The geopolitics of AI | Quick Take | GZERO Media
Ian Bremmer's Quick Take: Hi, everybody. Ian Bremmer here. A happy Monday to you. And a Quick Take today on artificial intelligence and how we think about it geopolitically. I'm an enthusiast, I want to be clear. I am more excited about AI as a new development to drive growth and productivity for 8 billion of us on this planet than anything I have seen since the internet, maybe since we invented the semiconductor. It's extraordinary how much that will apply human ingenuity faster and more broadly to challenges that exist today and those we don't even know about yet. But I'm not concerned about the upside in the sense that a huge amount of money is being devoted towards those companies. The people that run them are working as fast as they humanly can to get better and to unlock those opportunities and to also beat their competitors, get there faster. I'm worried about what happens that is more challenging, that we're not spending the resources on the consequences that will be more upsetting for populations from artificial intelligence. The ones that will require some level of government and other intervention or else. And I see four of them.
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Russian President Vladimir Putin against the backdrop of NATO, Ukrainian and US flags.

GZERO Media/ Jess Frampton

Is the US to blame for Russia’s invasion of Ukraine?

That’s what Jeffrey Sachs thinks. In a recent op-ed titled “The War in Ukraine Was Provoked,” the Columbia University professor – a man I’ve known and respected for a solid 25 years, who was once hailed as “the most important economist in the world” and who’s played a leading role in the fight against global poverty – argues that the United States is responsible for Russian President Vladimir Putin’s decision to attack Ukraine 15 months ago.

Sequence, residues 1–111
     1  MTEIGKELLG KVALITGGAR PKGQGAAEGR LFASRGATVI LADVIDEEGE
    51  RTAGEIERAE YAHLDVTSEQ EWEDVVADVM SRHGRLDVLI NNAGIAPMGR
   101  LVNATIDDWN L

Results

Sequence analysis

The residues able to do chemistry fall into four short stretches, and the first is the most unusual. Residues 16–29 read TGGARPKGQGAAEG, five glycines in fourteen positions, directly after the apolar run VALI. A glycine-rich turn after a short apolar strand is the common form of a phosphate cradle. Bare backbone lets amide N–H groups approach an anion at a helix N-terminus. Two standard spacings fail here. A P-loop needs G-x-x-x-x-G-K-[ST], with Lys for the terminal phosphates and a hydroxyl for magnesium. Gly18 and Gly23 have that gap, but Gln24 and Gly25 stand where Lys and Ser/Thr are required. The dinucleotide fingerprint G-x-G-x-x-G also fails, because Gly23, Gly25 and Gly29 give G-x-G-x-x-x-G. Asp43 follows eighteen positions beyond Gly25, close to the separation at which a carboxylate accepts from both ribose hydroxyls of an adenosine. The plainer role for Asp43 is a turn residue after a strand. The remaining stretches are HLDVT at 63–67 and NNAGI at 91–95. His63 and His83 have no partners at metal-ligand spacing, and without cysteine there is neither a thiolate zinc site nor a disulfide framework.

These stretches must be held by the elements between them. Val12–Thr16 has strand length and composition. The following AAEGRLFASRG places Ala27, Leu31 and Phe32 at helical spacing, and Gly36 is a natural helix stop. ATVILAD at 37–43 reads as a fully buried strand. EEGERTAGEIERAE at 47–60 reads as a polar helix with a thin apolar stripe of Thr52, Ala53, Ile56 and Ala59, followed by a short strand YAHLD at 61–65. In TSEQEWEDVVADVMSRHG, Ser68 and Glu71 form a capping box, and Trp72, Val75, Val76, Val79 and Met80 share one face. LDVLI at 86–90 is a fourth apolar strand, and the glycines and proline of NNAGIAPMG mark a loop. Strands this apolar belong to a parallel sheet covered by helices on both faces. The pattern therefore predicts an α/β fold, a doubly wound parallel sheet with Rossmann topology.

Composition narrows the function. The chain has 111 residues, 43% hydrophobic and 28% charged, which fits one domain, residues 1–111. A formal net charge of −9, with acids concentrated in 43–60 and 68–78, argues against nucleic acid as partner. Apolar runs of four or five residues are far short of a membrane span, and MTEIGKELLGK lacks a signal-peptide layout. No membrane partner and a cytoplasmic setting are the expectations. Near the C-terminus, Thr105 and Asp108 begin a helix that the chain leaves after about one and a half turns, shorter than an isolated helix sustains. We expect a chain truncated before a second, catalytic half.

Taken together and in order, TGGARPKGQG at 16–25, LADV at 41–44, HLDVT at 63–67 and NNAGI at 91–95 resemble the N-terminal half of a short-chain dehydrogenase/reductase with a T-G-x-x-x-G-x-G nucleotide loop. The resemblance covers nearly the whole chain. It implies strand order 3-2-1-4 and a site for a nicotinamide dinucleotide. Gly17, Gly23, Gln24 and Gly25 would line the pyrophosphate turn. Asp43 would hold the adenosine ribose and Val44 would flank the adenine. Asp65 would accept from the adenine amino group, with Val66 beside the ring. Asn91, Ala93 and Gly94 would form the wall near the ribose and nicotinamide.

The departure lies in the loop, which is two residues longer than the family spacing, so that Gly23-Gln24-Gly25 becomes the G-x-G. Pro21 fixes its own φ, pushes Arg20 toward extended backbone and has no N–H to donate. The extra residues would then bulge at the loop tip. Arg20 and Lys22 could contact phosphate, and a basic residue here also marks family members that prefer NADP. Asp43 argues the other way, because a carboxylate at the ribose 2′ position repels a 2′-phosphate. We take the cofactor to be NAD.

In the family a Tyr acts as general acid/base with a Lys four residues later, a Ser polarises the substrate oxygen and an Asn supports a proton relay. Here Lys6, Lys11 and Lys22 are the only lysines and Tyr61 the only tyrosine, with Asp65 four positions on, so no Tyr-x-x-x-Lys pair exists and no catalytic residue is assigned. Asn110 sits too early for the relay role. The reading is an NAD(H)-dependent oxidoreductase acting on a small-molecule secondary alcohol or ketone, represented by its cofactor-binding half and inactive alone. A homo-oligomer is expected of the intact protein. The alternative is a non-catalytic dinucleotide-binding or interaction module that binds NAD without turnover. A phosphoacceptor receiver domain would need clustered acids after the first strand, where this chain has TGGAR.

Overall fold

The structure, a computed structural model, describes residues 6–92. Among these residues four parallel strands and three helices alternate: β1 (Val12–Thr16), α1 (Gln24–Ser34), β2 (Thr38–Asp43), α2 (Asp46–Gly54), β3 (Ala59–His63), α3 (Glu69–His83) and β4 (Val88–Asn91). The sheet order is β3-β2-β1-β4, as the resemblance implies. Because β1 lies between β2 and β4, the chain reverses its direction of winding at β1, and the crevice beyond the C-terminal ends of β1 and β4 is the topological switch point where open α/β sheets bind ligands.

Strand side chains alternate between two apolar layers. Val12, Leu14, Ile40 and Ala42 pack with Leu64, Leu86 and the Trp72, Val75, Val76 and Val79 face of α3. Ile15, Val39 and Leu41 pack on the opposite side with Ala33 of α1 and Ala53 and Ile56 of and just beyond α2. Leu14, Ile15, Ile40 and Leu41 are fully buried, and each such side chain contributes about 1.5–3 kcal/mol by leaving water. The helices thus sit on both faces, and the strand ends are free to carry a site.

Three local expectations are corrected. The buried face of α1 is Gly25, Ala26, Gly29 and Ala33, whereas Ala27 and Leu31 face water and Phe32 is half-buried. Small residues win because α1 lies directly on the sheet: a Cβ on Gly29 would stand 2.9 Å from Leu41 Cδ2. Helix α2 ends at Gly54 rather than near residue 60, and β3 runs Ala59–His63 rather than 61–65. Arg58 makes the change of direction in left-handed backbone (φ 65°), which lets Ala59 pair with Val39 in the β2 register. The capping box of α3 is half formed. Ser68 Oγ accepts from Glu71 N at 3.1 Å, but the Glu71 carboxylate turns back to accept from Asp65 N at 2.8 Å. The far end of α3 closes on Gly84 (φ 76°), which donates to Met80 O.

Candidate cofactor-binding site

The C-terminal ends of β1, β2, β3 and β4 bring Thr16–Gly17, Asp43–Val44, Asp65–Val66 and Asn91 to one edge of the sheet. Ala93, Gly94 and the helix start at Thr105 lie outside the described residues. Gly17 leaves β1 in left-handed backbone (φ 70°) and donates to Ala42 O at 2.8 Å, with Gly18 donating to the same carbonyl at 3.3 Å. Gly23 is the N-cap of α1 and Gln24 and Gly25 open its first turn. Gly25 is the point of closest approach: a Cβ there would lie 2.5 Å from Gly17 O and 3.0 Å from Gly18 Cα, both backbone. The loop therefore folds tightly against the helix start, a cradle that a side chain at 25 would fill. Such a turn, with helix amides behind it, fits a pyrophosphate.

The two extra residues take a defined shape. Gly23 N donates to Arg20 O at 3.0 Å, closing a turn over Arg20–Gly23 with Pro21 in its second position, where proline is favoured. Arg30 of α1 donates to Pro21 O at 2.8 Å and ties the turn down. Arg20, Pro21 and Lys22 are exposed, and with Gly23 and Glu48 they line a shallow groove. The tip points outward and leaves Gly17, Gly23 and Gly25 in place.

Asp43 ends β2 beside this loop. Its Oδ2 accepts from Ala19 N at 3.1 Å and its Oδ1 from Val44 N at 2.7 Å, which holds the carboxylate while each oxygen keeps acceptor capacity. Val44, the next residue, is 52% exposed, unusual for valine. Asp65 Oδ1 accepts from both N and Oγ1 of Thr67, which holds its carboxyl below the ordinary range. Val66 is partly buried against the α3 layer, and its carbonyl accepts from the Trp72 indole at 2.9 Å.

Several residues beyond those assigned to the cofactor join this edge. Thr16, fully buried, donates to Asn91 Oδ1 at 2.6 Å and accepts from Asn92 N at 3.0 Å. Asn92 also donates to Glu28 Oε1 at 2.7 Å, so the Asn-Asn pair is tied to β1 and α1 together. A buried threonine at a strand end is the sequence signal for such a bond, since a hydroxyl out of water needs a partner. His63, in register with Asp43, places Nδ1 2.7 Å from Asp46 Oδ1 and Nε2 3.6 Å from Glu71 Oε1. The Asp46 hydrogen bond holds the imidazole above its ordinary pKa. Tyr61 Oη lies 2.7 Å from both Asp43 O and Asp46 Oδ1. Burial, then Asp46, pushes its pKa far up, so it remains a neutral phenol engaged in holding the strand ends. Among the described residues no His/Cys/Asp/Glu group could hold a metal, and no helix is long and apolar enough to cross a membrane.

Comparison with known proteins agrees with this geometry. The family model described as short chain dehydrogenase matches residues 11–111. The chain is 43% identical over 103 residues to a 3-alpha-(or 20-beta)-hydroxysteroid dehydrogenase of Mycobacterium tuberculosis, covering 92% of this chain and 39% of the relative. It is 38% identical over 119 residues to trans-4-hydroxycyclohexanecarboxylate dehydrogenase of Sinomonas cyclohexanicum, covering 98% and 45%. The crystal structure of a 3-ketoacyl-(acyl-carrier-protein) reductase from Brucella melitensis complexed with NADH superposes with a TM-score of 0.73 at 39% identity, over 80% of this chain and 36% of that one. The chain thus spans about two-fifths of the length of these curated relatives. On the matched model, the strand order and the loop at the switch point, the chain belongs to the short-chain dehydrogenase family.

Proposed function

This claim is morally challenged and factually wrong, but it is not a fringe view. Many other prominent figures such as political scientist John Mearsheimer, billionaire Elon Musk, conservative media star Tucker Carlson, and even Pope Francis have made similar assertions, echoing the Kremlin’s narrative that Russia is but a victim of Western imperialism.

This strain of Putin apologia has taken root in China, pockets of the US far left and far right, and much of the developing world, making it all the more important to debunk it once and for all.

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Ukraine drone attacks on Moscow imply they don't fear Russian response | World In :60 | GZERO Media

Will recent Moscow targeted drone attacks lead Putin to escalate the war in Ukraine? Biden and McCarthy reached a deal. Is the US debt problem solved? After Erdogan's election, will it be more of the same for Turkey & its struggling economy? Ian Bremmer shares his insights on global politics this week on World In :60.

Will recent Moscow targeted drone attacks lead Putin to escalate the war in Ukraine?

Well, so far, Putin has been claiming that these are terrorist attacks like he did the recent raids in Belgorod region, also in Russia. Certainly, it's interesting to note that Ukrainians taking these actions imply that they don't believe that Putin can or will do much in escalation. Also, keeping in mind this seems to be indiscriminate targeting of residential areas. No Russians have been killed that we know of, so far. But this is tit for tat, the kind of behavior we've seen from the Russians, of course, committing war crimes all over Ukraine. Really hate to see the Ukrainians engaging in that kind of behavior. Should be condemned, frankly. Not what the Americans or what most NATO allies want to see. And also shows the limitations of how much influence NATO has over Ukrainian military decision making.

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Henry Kissinger turns 100 | Quick Take | GZERO Media